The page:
I’m not to good with using the search box. I know I read on here somewhere where someone (perhaps in the AAA forum), a list of sins that cause us to incur an excommunication.

Can anyone help me find that, or reproduce that list here?

Thank you:)


Check this out:

Excommunication, though an extreme penalty, is not meant for condemnation, but the eventual salvation of the person excommunicated (see I Cor 5:1-5). So even if a person falls into such an offense, for example by paying for an abortion, they could be forgiven by sincere repentance and through the sacrament of confession.

Look for the phrase latae sententiae "excommunication ".



Recently I was tempted to perform a mortal sin. The resolve to perform this sin was settled in my heart, though I knew it took me away from the Eucharistic table. I refrained from receiving communion since the only thing in the way of my motive was oppourtunity. I stayed in this state of excommunication until God took over and I made my way to confession.

The temptation was to engage in a sexual relationship even though I am not married. I don’t know if it is on any list, but the way it made me feel contemplating it, I don’t feel I was too severe with myself.


Committing a mortal sin is not often the same as excommunication unless its one that results in an automatic excommunication. As if being in mortal sin were not bad enough Excommunication is a dire and deadly state to be in since it means one is in mortal sin with no way to confess until one reinstates to the Church. If one dies in this state - they go to hell. There is not even a hope of forgivness if one is excommunicated - one is essentially in hell outside the Church in grave sin. This is a compelling reason for anyone to get back to communion with The Church. One should consult a priest if in doubt but it does not sound like you excommunicated yourself here.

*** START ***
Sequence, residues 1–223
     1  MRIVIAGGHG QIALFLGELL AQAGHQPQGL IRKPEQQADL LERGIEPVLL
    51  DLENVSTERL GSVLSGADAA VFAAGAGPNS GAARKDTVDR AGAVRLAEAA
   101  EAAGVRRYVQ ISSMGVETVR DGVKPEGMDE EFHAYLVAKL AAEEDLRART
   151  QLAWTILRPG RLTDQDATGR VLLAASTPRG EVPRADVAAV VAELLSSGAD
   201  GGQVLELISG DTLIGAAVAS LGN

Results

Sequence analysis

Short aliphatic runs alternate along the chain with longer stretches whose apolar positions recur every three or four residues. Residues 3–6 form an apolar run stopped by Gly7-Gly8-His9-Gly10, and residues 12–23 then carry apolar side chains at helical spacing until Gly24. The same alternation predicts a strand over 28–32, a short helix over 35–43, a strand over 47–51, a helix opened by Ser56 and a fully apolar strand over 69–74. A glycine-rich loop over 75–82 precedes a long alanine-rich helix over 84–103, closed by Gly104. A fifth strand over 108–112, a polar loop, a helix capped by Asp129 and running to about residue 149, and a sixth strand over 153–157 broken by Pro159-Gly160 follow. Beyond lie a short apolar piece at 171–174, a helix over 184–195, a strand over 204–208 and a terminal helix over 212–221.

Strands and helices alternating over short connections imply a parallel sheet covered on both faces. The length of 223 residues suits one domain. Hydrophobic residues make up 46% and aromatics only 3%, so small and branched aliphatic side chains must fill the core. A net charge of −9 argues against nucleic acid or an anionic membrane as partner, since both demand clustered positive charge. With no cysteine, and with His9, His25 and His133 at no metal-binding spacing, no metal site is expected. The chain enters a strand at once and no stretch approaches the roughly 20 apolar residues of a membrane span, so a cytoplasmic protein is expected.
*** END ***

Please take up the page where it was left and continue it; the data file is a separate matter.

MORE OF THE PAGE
Generally a mortal sin can be confessed if genuinely repented through the normal sacraments of absolution. But if one is formally excommunicated though NO facilities of the Church (including the sacrament of absolution) are permitted until one is readmitted through the proper mechanisms. Again, one should consult a priest since its a complex area.

From New advent: newadvent.org/cathen/05678a.htm

"Apart from the rare cases in which excommunication is imposed for a fixed period and then ceases of itself, it is always removed by absolution (watch this word). It is to be noted at once that, though the same word is used to designate the sacramental sentence by which sins are remitted and that by which excommunication is removed, there is a vast difference between the two acts. The *absolution *which revokes excommunication is purely jurisdictional and has nothing sacramental about it. It reinstates the repentant sinner in the Church; restores the rights of which he had been deprived, beginning with participation in the sacraments; and for this very reason, it should precede sacramental absolution, which it thenceforth renders possible and efficacious. After absolution from excommunication has been given in foro externo, the judge sends the person absolved to a confessor, that his sin may be remitted; when absolution from censure is given in the confessional, it should always precede sacramental absolution, conformably to the instruction in the Ritual and the very tenor o the formula for sacramental absolution, It may be noted at once that the principal effect of absolution from excommunication may be acquired without the excommunicated person’s being wholly reinstated in his former position. Thus, an ecclesiastic might not necessarily recover the benefice which he had lost; indeed he might be admitted to lay communion only. Ecclesiastical authority has the right to posit certain conditions for the return of the culprit, and every absolution from excommunication calls for the fulfilment of certain conditions which vary in severity, according to the case. "



Thanks James. :slight_smile:


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